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U.S. attorney investigates Boston Trial Court

Federal attorneys may examine claims of harassment, racial discrimination

Jule Pattison-Gordon
U.S. attorney investigates Boston Trial Court
Two sources say the U.S. attorney’s office is investigating the Suffolk County Trial Court. Employees allege race- and ethnicity-based discrimination and belittlement.

Under fire from widespread allegations of racial discrimination, the Suffolk County Trial Court is now under investigation by the U.S. Attorney’s Office, according to two sources with knowledge of the case.

The Trial Court came under scrutiny in February, after former Court Administrator Harry Spence suspended Suffolk County Register of Probate Felix D. Arroyo.Arroyo’s supporters say the move came in response to his efforts to hire more people of color and better accommodate the predominantly immigrant population the Suffolk Probate Court serves.

Since then, more court employees and others have spoken out against what many say is an environment of racial harassment and employment discrimination.

In June, the Lawyers’ Committee for Civil Rights and Economic Justice sent a letter to the Trial Court, calling for action and detailing allegations that included mockery based on race or accented English speech, lack of investigation of reports of race-based incidents, and white supervisors subjecting minority employees to more menial work and disparately severe discipline.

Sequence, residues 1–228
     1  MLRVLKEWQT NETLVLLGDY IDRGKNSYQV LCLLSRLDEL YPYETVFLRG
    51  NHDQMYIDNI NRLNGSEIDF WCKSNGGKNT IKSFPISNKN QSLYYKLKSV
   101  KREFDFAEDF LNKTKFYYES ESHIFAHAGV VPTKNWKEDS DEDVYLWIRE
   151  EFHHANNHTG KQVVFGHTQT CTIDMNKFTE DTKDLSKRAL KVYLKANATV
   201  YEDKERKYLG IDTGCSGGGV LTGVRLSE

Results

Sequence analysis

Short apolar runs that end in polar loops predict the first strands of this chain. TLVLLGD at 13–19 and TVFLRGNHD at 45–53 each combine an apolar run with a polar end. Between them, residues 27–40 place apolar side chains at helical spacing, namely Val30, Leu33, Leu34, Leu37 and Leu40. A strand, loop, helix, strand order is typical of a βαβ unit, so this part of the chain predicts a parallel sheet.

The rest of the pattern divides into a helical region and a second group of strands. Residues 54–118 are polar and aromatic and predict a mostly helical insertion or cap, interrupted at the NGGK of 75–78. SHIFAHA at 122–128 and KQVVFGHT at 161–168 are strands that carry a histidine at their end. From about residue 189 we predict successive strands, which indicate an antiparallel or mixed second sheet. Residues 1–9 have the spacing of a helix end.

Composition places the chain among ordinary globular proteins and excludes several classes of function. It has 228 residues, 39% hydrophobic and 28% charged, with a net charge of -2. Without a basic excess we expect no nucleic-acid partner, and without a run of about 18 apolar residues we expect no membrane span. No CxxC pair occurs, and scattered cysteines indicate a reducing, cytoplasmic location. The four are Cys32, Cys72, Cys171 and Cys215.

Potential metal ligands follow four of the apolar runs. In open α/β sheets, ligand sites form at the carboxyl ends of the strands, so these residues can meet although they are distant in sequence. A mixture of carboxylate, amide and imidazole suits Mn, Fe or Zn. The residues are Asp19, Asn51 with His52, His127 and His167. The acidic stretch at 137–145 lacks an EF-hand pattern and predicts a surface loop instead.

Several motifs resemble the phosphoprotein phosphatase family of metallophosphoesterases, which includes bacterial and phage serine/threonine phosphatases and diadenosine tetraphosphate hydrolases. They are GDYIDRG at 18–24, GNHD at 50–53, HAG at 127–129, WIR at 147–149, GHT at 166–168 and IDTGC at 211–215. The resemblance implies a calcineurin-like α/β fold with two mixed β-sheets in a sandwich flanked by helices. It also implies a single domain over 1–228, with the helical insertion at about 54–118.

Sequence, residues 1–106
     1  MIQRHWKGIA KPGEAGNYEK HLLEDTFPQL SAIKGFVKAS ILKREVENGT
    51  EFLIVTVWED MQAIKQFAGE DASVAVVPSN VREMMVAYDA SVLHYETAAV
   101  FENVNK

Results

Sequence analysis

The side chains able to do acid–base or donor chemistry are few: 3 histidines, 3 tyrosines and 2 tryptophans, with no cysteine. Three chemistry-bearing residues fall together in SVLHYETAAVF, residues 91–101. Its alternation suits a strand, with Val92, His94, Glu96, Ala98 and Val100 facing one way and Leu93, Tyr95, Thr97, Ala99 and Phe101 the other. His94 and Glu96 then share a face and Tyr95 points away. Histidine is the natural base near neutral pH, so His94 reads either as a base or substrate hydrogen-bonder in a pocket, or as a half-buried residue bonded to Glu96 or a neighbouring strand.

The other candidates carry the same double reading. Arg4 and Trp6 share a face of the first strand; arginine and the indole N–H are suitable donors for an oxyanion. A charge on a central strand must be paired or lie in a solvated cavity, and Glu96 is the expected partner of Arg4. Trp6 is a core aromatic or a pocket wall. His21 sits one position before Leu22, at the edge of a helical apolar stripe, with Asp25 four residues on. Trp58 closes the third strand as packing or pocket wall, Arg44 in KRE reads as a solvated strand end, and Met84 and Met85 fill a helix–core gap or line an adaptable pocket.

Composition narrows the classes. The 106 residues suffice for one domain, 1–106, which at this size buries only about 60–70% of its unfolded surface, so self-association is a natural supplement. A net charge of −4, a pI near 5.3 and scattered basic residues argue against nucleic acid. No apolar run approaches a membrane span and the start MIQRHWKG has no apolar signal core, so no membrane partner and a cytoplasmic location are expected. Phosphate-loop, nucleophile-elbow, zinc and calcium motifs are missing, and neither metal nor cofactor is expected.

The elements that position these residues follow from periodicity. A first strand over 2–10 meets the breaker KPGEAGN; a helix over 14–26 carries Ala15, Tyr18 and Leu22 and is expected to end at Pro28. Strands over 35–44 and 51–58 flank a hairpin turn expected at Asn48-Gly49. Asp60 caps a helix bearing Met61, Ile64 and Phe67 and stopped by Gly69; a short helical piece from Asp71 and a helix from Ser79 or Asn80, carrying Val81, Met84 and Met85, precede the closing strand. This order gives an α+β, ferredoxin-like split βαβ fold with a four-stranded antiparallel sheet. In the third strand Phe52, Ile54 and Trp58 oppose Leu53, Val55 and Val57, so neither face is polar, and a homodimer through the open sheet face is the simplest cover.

“[There is a] toxic racially-charged hostile environment that fosters identity-based harassment,” Oren Sellstrom of the Lawyers’ Committee wrote in the June letter.

Data from the Massachusetts Commission Against Discrimination seem to bear out the allegations of a troubled climate. Since 2012, the agency has received 72 complaints of discrimination against the Trial Court, according to H Harrison, assistant to the commissioner of MCAD. Of these, 32 cases remain open. The closed complaints ranged across allegations of discrimination on the basis of race, gender, nationality, age, disability and other aspects.

According to Sellstrom, women of color in the state’s Trial Court department are underrepresented both in supervisory positions and overall employment numbers: Approximately 6.7 percent of court officers employed in the state are women of color. Since 2011, the portion of managerial Security Department roles held by women of color has hovered around 4 percent. In 2016, the Lawyers’ Committee sued the Trial Court to compel it to publicly release such diversity data.

Commenting on the MCAD complaints tally, Sellstrom said the number is unusually high, yet not surprising given the employee accounts heard by the Lawyers’ Committee.

“We do believe the problem is systemic,” he said.

Trial Court response: Improved hiring

On July 25, Jonathan Williams, the new Trial Court administrator hired in March after Spence’s five-year term ended, replied to the Lawyers’ Committee with a letter in which he acknowledged awareness of the low levels of diversity and stated that there are ongoing efforts to remedy this. Williams highlighted attempts to improve diversity of applicants, push bias training and establish departmental committees focused on diversity and race and implicit bias within the organization. He also said that low representation of women is an issue for such law enforcement-type organizations nationwide.